“I’m trying to figure out a timetable to get input into that strategy, and that includes understanding the impact of COVID on our work,” he said. “[The pandemic] pointed out certain inequities among racial minorities, so we have to [take that into account] when developing our timetable. President Biden has called for us to accelerate [EHE] and be bold.”
Beyond 2021, he said, “We need to look at some policy issues, like HIV criminalization”—laws in about half of U.S. states that punish people with HIV who have sex without disclosing their status—“and discrimination. And we need to use the [ONAP] pulpit,” he said, to push for more schools to deliver comprehensive sex education, which includes LGBTQ content as well as science-proven HIV and STD prevention measures like PrEP (the HIV prevention drug) and condoms.
Phillips pushed back on the idea held by some HIV advocates that PACHA was mere window-dressing to make a president look good on HIV/AIDS. He said that, under Obama, PACHA “made many solid recommendations” on issues like crafting the first-ever national HIV plan and ending HIV criminalization. He said that once he fills gaps in the current PACHA to include more people who are living with HIV, including transgender people and young people, the group could play an impactful role again.
As Phillips Takes the Helm at ONAP, the HIV Community Is Watching
As long-admired as Phillips is in the HIV advocacy community—prior to serving many HIV-related roles within the government, he worked at NMAC (formerly the National Minority AIDS Council)—he’s still being closely watched to see how he leverages his new role to push forward EHE.
“With your new appointment, community needs you to deliver,” read an open letter from Paul Kawata, NMAC’s longtime head. “There are too many people living with HIV who have fallen out of care. There are too many people who need PrEP, but we can’t seem to reach them. While the solution to ending the HIV epidemic might be biomedical, it is not simple. That’s the problem with the previous administration’s strategy. They believed you just needed to make medications available. The reality is so much more complex and nuanced.”
The NMAC letter laid out several goals it said Phillips needed to meet, including writing more racial equity into the original EHE plan; rebooting PACHA; caring for aging folks living with HIV; counting transgender women’s HIV data as separate from gay men’s (which has often not been the case); and weaving HIV care into broader health care needs.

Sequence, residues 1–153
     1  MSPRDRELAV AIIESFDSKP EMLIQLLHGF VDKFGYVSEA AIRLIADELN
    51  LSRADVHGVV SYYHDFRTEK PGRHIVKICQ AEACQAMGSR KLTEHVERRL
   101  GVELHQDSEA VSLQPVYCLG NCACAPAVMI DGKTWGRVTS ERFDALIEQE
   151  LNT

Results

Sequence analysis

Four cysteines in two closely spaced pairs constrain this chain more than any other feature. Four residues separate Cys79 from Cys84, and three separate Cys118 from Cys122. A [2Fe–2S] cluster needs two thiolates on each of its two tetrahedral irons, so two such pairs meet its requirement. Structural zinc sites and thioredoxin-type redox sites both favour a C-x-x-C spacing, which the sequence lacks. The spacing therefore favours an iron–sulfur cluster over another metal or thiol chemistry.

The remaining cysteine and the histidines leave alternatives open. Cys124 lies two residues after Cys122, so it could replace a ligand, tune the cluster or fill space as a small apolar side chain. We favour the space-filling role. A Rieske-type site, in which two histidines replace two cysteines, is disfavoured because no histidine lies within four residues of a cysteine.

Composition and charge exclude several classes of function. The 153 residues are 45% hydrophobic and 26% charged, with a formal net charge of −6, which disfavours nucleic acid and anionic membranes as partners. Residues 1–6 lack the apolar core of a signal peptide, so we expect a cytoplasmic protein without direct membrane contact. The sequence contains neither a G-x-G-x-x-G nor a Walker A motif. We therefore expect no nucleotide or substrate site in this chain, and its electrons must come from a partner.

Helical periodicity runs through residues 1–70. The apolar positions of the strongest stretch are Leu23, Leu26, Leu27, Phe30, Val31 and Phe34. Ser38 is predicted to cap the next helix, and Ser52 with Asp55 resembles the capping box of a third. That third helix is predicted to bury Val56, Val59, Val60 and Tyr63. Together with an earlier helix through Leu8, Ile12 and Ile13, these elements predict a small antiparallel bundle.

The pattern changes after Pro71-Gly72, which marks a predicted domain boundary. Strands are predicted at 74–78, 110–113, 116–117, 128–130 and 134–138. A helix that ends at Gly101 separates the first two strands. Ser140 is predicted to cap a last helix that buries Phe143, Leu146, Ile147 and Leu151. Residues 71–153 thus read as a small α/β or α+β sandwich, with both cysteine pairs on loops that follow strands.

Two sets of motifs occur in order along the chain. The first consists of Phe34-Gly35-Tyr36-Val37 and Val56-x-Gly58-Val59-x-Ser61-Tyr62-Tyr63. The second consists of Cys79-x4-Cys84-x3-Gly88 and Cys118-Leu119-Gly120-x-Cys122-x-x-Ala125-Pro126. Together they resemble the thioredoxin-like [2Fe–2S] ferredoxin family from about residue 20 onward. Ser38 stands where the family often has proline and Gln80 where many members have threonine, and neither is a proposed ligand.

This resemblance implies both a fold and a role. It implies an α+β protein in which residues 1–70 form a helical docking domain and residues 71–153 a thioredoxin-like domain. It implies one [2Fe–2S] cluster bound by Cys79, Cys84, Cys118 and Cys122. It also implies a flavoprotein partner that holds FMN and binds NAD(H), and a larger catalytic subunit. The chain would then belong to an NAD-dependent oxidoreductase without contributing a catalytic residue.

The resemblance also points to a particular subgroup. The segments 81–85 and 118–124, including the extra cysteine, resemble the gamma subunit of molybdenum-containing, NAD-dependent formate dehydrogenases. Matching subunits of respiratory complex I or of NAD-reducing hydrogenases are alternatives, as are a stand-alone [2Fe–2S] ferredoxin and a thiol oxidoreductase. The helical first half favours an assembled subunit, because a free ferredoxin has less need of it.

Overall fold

“To be honest, his new role in the past has been mostly ceremonial,” Kawata told TheBody. But with EHE, “There’s a deadline now, and there have to be actionable results.” Kawata wants to see improved coordination and communication: “Right now, HIV is broken down into all these little fiefdoms [of government agencies] that may talk to each other, but I don’t know if they really collaborate,” he said. “We need clear, measurable goals that include getting all the people with HIV who’ve fallen out of care back into care.” According to federal statistics, just two-thirds of people living with HIV in the U.S. receive some form of care, and only half are retained in that care.
Kawata said he wants Phillips to finalize the creation of a national online dashboard that breaks down rates of who’s diagnosed, who’s in care, and who’s undetectable by state and locality. “That’ll give the feds the capacity to target regions” with lagging results, he said. “We’re going to have to pour money into those communities and analyze why their outcomes are different.”
Kawata added that, by the first quarter of 2022, he wants to see Phillips convene a high-level White House summit on EHE “that will get this administration on the record with some very specific deadlines and steps. That’ll be the moment when they tell us how we’re ending the epidemic in a real fashion.”